As the nights draw in, village halls across Cumbria, County Durham and Northumberland will be turning up the heating, drawing the curtains and stocking up the raffle prizes as they welcome audiences to a rich mix of Highlights performances this autumn.
Showcasing new work alongside old favourites the Highlights autumn programme, whilst typically varied, puts a focus on the stories of migrants, travellers and pioneers – of those who cross borders whilst fleeing war, chasing dreams or searching for their identity.
We see the Berlin Wall come down in Fallen Fruit which tells of leaving a life under communism in 1980’s Bulgaria; enter a steamy authentic bath house as actor Nick Cassenbaum searches for his Jewish identity in Bubble Schmeisis and travel to Zimbabwe to hear a fascinating story of modern and ancient migrations in Kure Kure Faraway. In a show created especially for village halls, Little Bulb take audiences on a journey of musical migration from the British Isles to the Appalachian Mountains to explore the roots of country music in Mountain Music. And the music offerings continue this theme when a quartet of musicians from the Royal Liverpool Philarmonic Orchestra explore the music and stories of immigrants across the world, who left their homelands in pursuit of a better life in Music of the Travellers; and The People’s String Foundation bring us their ‘virtual 32-piece gypsy orchestra’.
Elsewhere, audiences can enjoy a border-crossing menu of music styles played by musicians from Cornwall, Cuba, Canada and beyond. Folk, Flamenco, world, roots, swing and tango can be heard alongside full evenings of Jewish Klezmer, Cuban ‘Son’, stunning acapella and a made-for-sharing ceilidh from the Monster Ceilidh Band.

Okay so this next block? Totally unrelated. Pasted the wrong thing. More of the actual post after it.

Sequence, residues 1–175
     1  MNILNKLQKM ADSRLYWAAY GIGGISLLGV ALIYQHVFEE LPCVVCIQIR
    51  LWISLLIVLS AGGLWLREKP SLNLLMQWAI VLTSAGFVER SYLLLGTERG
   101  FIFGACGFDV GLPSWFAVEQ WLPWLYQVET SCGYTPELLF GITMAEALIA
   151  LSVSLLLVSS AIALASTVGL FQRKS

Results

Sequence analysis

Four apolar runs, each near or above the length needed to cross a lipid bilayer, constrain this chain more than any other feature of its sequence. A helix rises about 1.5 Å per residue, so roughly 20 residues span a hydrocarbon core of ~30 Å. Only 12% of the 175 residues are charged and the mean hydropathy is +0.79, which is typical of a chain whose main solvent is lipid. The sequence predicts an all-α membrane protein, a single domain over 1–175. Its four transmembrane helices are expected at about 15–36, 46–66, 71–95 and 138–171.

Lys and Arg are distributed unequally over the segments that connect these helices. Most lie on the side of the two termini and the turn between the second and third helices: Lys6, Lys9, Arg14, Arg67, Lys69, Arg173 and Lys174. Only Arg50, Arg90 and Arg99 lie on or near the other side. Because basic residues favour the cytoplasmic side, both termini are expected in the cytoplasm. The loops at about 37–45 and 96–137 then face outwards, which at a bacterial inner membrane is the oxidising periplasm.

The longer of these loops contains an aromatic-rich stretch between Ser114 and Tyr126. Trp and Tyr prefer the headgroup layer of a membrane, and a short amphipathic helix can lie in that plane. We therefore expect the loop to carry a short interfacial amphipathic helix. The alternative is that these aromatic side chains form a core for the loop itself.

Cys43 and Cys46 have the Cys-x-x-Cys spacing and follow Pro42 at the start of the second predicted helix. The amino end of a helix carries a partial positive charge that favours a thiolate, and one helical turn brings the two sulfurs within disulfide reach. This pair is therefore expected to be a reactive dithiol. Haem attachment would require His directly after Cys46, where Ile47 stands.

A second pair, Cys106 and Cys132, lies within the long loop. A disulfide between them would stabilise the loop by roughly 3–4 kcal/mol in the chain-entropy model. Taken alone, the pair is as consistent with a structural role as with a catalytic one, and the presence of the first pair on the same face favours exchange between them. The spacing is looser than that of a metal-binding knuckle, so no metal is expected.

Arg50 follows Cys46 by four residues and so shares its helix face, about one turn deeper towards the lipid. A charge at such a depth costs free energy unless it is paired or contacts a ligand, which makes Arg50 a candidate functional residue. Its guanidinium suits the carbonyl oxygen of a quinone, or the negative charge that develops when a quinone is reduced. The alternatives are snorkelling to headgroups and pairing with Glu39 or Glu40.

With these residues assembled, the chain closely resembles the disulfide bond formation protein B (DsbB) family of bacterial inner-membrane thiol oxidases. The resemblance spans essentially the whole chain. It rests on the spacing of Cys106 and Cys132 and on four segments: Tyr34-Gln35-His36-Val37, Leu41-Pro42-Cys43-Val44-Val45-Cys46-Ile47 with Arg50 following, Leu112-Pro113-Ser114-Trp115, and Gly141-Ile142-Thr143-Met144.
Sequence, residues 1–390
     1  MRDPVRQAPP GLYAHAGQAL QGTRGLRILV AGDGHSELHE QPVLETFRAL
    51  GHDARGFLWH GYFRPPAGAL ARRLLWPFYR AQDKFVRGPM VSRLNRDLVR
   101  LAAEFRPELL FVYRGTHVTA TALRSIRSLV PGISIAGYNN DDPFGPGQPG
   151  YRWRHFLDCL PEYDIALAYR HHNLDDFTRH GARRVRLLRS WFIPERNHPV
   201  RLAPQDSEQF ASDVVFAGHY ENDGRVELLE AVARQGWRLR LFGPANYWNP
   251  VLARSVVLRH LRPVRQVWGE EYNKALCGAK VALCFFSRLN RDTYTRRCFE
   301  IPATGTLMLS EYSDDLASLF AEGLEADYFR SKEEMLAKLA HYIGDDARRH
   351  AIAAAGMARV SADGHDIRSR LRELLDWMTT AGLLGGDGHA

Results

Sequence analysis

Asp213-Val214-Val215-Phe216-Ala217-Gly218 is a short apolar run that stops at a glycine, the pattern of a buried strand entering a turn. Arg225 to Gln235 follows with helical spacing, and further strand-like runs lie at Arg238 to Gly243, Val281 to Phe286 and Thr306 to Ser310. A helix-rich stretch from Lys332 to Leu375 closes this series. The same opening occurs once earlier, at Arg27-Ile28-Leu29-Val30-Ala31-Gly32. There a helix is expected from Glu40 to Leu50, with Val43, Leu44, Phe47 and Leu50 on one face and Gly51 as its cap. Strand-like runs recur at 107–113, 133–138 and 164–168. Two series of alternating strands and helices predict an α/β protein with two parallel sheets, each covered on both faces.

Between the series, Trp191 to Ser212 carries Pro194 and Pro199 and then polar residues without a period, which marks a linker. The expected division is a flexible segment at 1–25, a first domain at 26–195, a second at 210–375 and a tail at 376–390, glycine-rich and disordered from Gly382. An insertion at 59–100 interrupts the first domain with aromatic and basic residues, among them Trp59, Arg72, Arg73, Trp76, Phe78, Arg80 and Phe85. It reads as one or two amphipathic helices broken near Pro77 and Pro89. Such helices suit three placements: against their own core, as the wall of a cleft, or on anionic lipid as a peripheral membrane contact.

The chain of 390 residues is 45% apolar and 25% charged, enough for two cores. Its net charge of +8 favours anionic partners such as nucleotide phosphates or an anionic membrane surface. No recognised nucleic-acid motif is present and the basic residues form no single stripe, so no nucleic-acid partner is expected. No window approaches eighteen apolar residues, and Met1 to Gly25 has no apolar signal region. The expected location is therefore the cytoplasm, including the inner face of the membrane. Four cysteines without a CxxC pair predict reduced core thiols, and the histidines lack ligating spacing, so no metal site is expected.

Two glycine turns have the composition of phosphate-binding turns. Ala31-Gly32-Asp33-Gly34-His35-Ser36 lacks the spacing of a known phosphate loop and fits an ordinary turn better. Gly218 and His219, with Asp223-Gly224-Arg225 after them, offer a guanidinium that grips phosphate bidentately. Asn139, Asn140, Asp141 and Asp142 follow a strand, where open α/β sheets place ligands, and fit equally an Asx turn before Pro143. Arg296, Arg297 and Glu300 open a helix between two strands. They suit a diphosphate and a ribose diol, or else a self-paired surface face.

From the UK, Highlights is bringing some of the best touring companies to parts most don’t usually reach. Little Earthquake take us back to the 1980s for a comic investigation into a childhood haunting in I Ain’t Afraid of no Ghost; award-winning playwright, Alison Neil takes audiences even further back to the 1800s in her show about the extraordinary life of Mrs Beeton in Mrs Beeton, My Sister and, following the opening run at their home in Newcastle, Northern Stage will be bringing us their latest show The Hound of the Baskervilles.
On cold dark nights, intimate village halls are made for storytelling. Audiences can gather round to hear magical and timeless tales in Twice Upon a Time and James Rowlands tells his own life affirming story and ‘hymn to friendship’ in Revelations.
Highlights’ ‘pick of the sticks’ this autumn is a colourful show for children and families from award-winning Sonia Sabria Company. Same Same…But Different mixes Kathak with western dance styles and live music to celebrate individuality.
Other highlights include a jaw-dropping performance from internationally acclaimed circus artists Nikki & JD with their show Knot; an inspiring story of one woman’s journey to compete in athletic’s most gruelling event – the Tetra-Decathlon and screenings of cult horror classics with a live score from Minima.
For children there’s a new telling of an old favourite with The Boy Who Cried Wolf; a slug takes the lead role in a slimey show with wriggles and giggles called Slime and we visit a world of ice and adventure in Under the Frozen Moon. Scheduled between Christmas and New Year, this charming tale of courage offers a seasonal treat for ages 3+.
And finally, the season draws to a close in December with some festive fare as the awful truth about A Christmas Carol is revealed in The Scrooge Diaries and virtuoso musicians Marie Ni Chathasaigh and Chris Newman bring us some Christmas sparkle with Celtic Christmas Strings.
Rural Touring offers a friendly and intimate alternative to theatres, right on your doorstep, and we hope you will enjoy these quality performances.